As such, its leadership are already looking at what role it will play once the fighting stops and the process of reconstruction and reconciliation begins. Its volunteers have pledged to ‘commit to embark on the generational task of rebuilding Syria into a stable, prosperous and peace-loving nation in which the social, economic and political aspirations of her people can be realised’.
The Syria Civil Defense believes it can do so through providing support resettlement of refugees and internally displaced people, rebuilding communities, providing training opportunities and continuing to provide essential services such as ambulance care, fire rescue, debris clearance, and broad community-level utility rehabilitation until the state is able to provide these.
Just as the Syria Civil Defense are the ones saving Syria now, they are the best placed organisation to rebuild it in the future.
Many Syrian civilians say that the White Helmets have given them back a sense of hope. Some areas in Syria have been under intense aerial attack for nearly three years.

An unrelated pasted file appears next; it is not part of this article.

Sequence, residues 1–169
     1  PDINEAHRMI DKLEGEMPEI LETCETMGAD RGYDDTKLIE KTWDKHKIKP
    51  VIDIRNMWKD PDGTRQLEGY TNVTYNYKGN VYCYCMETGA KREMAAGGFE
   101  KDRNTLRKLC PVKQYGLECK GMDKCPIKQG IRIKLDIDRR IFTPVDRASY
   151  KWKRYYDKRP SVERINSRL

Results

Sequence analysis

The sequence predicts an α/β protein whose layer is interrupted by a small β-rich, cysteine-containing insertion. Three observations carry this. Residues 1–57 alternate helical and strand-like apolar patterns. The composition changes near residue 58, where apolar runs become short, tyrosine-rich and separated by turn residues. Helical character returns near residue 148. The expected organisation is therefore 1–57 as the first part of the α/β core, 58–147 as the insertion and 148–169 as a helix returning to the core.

What’s changed for those living in them is that when the bombs fall everyone has the hope that should the worst happen they too could be pulled out alive.
The White Helmets have given visibility and a voice to the ordinary Syrian civilians who make up the vast majority of the population and who want peace and security. Their work has drawn desperately-needed attention to the plight of civilians caught between the brutality of the Syrian government and Isis.
Raed al-Saleh, the head of the Syria Civil Defense, has addressed the UN Security Council and governments around the world on the need for international action to protect civilians.
At a time when the Syrian conflict is perceived to be a war of violent polarisation, and the voices of the majority of the Syrian people are drowned out and obscured from world view, the White Helmets have inspired hundreds of thousands of people around the world to support them.
From Peru to Moldova to Pakistan, ordinary citizens have donated money to their cause, contacted decision-makers in support of the White Helmets, written messages of solidarity directly to the teams, and watched and shared videos featuring their heroic rescues.
The White Helmets’ humanitarian work and their deep commitment to humanity has the potential to unite Syrians on all sides, and the world behind them.
The awarding of the Nobel Peace Prize to these volunteers would do much to ensure their long-term success and survival as the heroes of the greatest humanitarian crisis of our era and to emphasise peaceful co-existence and solidarity in Syria.
Jo Cox MP, Member of Parliament for Batley & Spen.